Medieval Dances - The Egg Dance
The Egg dance was one of the earliest Saxon Medieval dances and, like the Carole, was performed during a period of festivity namely the Easter-tide festivities. The egg dance was derived from a traditional Easter game, in the egg dance eggs were laid on the ground or floor and the goal was to dance among them damaging as few eggs as possible.
image: The Egg Dance by Pieter Brueghel the Younger
Painted Beta Bridge for Take Back the Night!!!
This insanely gorgeous home has an amazing story behind it.
Fonthill was the home of the American archeologist and tile maker Henry Chapman Mercer, in Doylestown, Pennsylvania. Built between 1908 and 1912, it is an early example of poured-in-place concrete and features 44 rooms, over 200 windows, 18 fireplaces and 10 bathrooms. The interior was originally painted in pastel colors, but age and sunlight have all but eradicated any hint of the former hues. It contains much built-in furniture and is embellished with decorative tiles that Mercer made at the height of the Arts and Crafts movement. It is filled with an extensive collection of ceramics embedded in the concrete of the house, as well as other artifacts from his world travels, including cuneiform tablets discovered in Mesopotamia dating back to over 2300 BCE. The home also contains around 1,000 prints from Mercer’s extensive collection, as well as over six thousand books, almost all of which were annotated by Mercer himself.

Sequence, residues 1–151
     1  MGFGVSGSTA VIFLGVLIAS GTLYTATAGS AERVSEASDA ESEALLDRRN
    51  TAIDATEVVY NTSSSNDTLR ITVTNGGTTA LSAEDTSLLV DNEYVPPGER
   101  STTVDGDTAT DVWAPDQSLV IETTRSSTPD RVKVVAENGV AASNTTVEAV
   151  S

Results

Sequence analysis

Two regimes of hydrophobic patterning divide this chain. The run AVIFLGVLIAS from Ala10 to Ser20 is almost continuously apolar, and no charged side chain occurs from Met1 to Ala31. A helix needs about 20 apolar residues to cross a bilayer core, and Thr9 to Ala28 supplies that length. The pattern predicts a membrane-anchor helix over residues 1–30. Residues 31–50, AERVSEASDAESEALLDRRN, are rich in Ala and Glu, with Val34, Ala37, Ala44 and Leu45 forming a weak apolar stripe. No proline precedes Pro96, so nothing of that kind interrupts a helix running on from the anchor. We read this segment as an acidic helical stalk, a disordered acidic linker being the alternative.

More images (by Karl Graf)
A lithograph from “Shtetl, My Destroyed Home: A Remembrance” (1922), a set of outstanding depictions by Russian artist Issachar Ber Ryback of his home village in Ukraine before it was destroyed in the pogroms following World War I. See more here: http://bit.ly/1eWVSWM
A quick look at: Germanicus, a prominent Roman general of the early Empire, and the grandson-in-law of Augustus Caesar.
"Germanicus, too, that he might be the better known, took his helmet off his head and begged his men to follow up the slaughter, as they wanted not prisoners, and the utter destruction of the nation would be the only conclusion of the war. And now, late in the day, he withdrew one of his legions from the field, to intrench a camp, while the rest till nightfall glutted themselves with the enemy’s blood. Our cavalry fought with indecisive success." -Tacitus, Annals (2.26), via The Internet Classics Archive.
Germanicus Julius Caesar (15 BC-AD 19), usually just referred to as Germanicus, was a member of the Julio-Claudian dynasty and the nephew and adopted son of Tiberius. He commanded 8 Roman legions on the Rhine frontier with distinction. He appears to have gained affection among the Roman people; Suetonius in Life of Caligula III describes his “…unexampled kindliness, and a remarkable desire and capacity for winning men’s regard and inspiring their affection." He died aged 33 on October 9 of AD 19, it was a suspected poisoning.
Great honours were granted to Germanicus after his death and he was elevated to a god-like status:
[…] Five voting centuries were to be named after him; a curule chair was to be kept in the temple of the new god, the temples were to be closed on the day that Germanicus’ ashes were interred and sacrifices were to be made on that day each year at his tomb.
[…] In public, all due honours were granted to Germanicus. The only oddity was that Tiberius and his mother did not attend the internment. Some bad feeling may have been read into this by Germanicus’ supporters, but this would seem to be an over-reaction.
-Richard Alston in Aspects of Roman History AD 14–117, page 28.
Seated divinity. Maya Culture, Rio Bec (?) or Chenes region, Mexico, Classic period. Made of polychrome stucco, dates to between circa 550 and circa 950.
Former collection of Jean Lions, 1970s; former collection of H. Law; auctioned by Binoche & Giquello on 21 March 2011. Photo taken by Marie-Lan Nguyen.